Genesis 10-11; Psalm 4

Genesis 10-11

Chapter 10 may seem to be one of those chapters to get through in order to get on with the rest of the story. After all, how does a list of names and nations compare to the devastating rebellion and judgment at Babel?

But looked at another way, chapter 10 serves as one of those microcosms of the Biblical story as a whole.

We have a group of people who soon forgot the judgment of the flood and consequently turned to disobedience, underestimating both the holiness of God and the seriousness of sin.

We have a group of nations listed, not to be taken as a comprehensive table, but those with whom national Israel might have dealings as they are established and grow. Remember, first of all, Genesis was written by Moses when Israel was first born as a nation.

There’s perhaps even a glimpse of the world-wide impact of the Gospel. Depending on how the chapter is read, we find 70 nations. Many thousands of years later, Jesus would send out 70 disciples to preach the good news of the kingdom. It might be a tenuous connection, but it could be a shadow of God’s desire to save all nations, not just Israel.

This would, then, tie in well with chapter 11, rather than be seen as an interruption in the flow of the story.

Babel is first mentioned in Genesis 10:10 as a part of the kingdom of Nimrod. The description of Nimrod as a mighty hunter before the Lord should not be taken as his being a hunter of animals, but of men.

Nimrod is described as being the founder of Nineveh and Babylon, and according to tradition, Babel was an idolatrous temple he established. By all accounts, he was a rebel against God and encouraged rebellion in others.

At Babel we see humanity indulge in sins we still see today, many thousands of years later.

  1. Self-worship – a primary motivation at Babel was the effort to preserve a name for themselves (let us make brick…let us build a city and tower… let us make a name… lest we be scattered – the very thing God desired and commanded they avoided)
  2. Self-righteousness – even as they sought to preserve their own name they reached for the heavens. They still seemed to desire God, but it was a god of their imaginations who they would reach on their terms.

Even in the midst of their rebellion, God showed grace. Left to their own devices it was possible that eventually, all would come under judgment. This would defeat God’s plan to bring a Savior through Adam’s line, and God’s plans cannot be thwarted.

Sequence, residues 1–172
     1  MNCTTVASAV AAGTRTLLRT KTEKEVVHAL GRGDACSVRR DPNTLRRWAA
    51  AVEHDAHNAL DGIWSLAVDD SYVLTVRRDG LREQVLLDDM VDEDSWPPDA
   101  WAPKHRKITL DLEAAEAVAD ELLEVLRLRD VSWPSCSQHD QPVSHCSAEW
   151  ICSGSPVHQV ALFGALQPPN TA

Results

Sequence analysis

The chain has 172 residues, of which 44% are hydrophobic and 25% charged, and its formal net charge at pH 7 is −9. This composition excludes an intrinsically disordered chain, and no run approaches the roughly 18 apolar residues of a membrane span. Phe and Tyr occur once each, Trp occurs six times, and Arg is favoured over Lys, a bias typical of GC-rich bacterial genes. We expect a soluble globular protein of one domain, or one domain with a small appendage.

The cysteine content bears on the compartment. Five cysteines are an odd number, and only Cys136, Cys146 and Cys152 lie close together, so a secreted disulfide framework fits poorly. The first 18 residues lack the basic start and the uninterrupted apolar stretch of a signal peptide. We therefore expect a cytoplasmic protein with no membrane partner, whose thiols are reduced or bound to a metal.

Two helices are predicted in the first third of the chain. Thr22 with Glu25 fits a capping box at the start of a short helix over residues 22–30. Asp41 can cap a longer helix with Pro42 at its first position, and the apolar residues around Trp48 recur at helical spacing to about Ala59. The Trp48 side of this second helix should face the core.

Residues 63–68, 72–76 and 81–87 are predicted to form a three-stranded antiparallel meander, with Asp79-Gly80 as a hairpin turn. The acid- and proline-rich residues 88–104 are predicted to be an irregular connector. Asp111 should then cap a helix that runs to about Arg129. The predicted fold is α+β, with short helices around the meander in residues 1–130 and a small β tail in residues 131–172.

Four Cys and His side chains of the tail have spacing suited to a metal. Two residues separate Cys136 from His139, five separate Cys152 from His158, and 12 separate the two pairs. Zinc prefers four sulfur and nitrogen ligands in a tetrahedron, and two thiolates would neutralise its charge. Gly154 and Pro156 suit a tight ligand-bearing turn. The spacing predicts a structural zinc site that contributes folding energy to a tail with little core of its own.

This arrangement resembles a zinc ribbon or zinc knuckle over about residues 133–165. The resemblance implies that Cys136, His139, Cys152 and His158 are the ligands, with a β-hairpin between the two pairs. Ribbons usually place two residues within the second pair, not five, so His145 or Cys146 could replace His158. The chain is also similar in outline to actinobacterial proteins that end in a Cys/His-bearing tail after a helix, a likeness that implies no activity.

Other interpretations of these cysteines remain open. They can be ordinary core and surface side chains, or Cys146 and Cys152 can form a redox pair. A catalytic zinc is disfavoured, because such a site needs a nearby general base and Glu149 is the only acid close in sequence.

So, to save humanity God brought in the judgment of the confusion of languages. No longer able to achieve everything they desired, the people divided according to the new languages.

A study of languages quickly reveals how every language today can easily be seen to come from just a few that God may have introduced at Babel. For example, Proto-Indo-European, spoken around 4500-2500 BC, is the ultimate ancestor of at least 449 European and Indian languages. This isn’t a rabbit trail for today, but there’s some amazing information here – https://answersingenesis.org/tower-of-babel/more-than-pie/

AIG provide two charts I’ve found helpful, one is the table of nations in Genesis 10 and the other is one compiled by Josephus that ties in nations as we know them.

Chart from www.answersingenesis.com
Chart from www.answersingenesis.com

The key thought here for me is that God divided the people in order to preserve a line of humanity through whom Jesus would be born, the Savior of the world! This selection we find introduced at the end of Genesis 11 – Abraham.

Psalm 4

Verse 2 is key here to understand this psalm,

O ye sons of men, how long will ye turn my glory into shame? How long will ye love vanity, and seek after leasing? Selah.

As David faced rebellion on all sides he endeavored to show that the people’s rebellion ultimately was not against him, but against God. God had placed him on the throne, so to remove him was to remove God’s choice of a ruler.

He admonishes them to repent (verse 4-5), but finds comfort himself in knowing that he was secure in God’s will,

I will both lay me down in peace, and sleep: For thou, LORD, only makest me dwell in safety.

Whether it be rebellion and war in the world or upset and turmoil in my life, God will get victory in the end!

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